It’s the last weekly news roundup of another year, and another decade, and while I’m not going to do a full 2010s In Review article like some sites, I think it’s fair to say that the big story of the last decade is that we’re pretty much still where we were ten years ago: There’s billions of public dollars being spent each year on new private sports stadiums and arenas, and lots of citizen opposition, but that opposition usually isn’t enough to overcome team owners’ lobbying power or the various ploys that they use to justify demanding tax dollars for their projects — it’s an economic benefit, the team will have to move without it, it’s really about the development that goes along with it, you know the drill. There are certainly some positive signs where teams have paid their own way (or more of their own way) in the face of elected officials holding firm on subsidies, but it’s such extremely incremental progress that it’s almost hard to measure — I was about to say it’s a “glacial” pace, but with glaciers moving really fast these days, maybe it’s time to retire that word.
In any case, thanks to all FoS readers for your generous support this year, monetary and otherwise, and let’s get to the week’s remaining news:
- Missouri Gov. Mike Parson backpedaled somewhat on opposition to giving $30 million in state tax credits to a new St. Louis MLS stadium, saying he supports the project but “We were asked to make a decision in, like, 10 days on $30 million, and that’s just not the way I do business” and “we need to make sure it’s a good deal for the state of Missouri.” It’s hard to tell from Parson’s statements whether this is genuine reconsideration or just trying to show he’s willing to talk (so long as he isn’t taken to the cleaners), but given that from the sound of things the team is moving ahead with the project with or without the tax credits, one hopes he’ll take a real long look at exactly what the state would be getting for its $30 million.
- Soccer site The Outfield has dug up some year-old renderings of a proposed NYC F.C. stadium in the Bronx, which make clear how it would require closing a major street that serves as access from an off-ramp off the nearby Major Deegan Expressway. More interestingly, the site also dug up emails indicating that city development officials have been continuing to meet with consultants and the like around the plan, so maybe it’s not entirely dead after all, despite no apparent action since it was first revealed in July 2018.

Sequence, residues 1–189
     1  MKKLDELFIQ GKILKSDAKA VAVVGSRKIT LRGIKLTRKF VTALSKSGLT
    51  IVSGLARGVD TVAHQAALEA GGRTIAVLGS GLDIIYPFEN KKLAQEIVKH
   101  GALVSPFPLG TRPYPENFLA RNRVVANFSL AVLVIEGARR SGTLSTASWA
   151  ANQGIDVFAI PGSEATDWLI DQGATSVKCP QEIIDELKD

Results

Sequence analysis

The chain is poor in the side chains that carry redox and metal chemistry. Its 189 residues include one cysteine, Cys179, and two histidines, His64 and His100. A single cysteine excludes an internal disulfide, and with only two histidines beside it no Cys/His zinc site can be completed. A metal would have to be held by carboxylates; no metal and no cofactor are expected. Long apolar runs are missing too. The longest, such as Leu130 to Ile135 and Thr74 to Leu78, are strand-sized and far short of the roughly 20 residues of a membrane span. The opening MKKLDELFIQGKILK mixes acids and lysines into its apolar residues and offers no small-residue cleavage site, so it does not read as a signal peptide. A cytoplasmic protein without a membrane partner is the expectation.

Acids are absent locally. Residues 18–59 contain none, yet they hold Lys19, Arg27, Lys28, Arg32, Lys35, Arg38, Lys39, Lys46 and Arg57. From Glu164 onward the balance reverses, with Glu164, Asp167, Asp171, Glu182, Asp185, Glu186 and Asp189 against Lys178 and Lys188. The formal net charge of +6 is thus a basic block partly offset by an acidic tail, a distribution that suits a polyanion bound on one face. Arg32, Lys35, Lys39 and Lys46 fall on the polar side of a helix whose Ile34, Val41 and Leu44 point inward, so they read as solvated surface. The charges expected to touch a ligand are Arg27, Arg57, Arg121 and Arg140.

- The Los Angeles Chargers‘ problem of having many fans rooting for the opposing team has gotten so bad that their quarterback is complaining that they can’t hear signals from their coaches, adding, “being someone who remembers what it used to be like at home games it’s pretty bad.”
- Some North Carolina developers bought some land, so Raleigh is totally getting its own MLS team. Ha ha, just kidding, it’s really that everybody is getting their own MLS team! Anyway, local residents are both afraid that they will be priced out of the neighborhood and also looking forward to giving local kids “something to look up to other than gangs and the drugs [and] alcoholism,” according to the local radio station that interviewed all of two people.
- The head of the Oakland NAACP is also afraid of African-American residents being priced out of the neighborhood if the A’s build a new stadium at Howard Terminal, though his op-ed in the San Jose Mercury News isn’t too specific about what’s at risk other than “thousands of good, high-paying jobs” currently on the site.
- The Saskatchewan Roughriders are not getting a roof on their stadium even though it was built to accommodate one because roofs are too damn expensive.
- Here’s another study of the economic impact of a sports event that assumes everyone who traveled to and attended the event was only in town because of the event. I think I need to develop a form letter to the editor about these.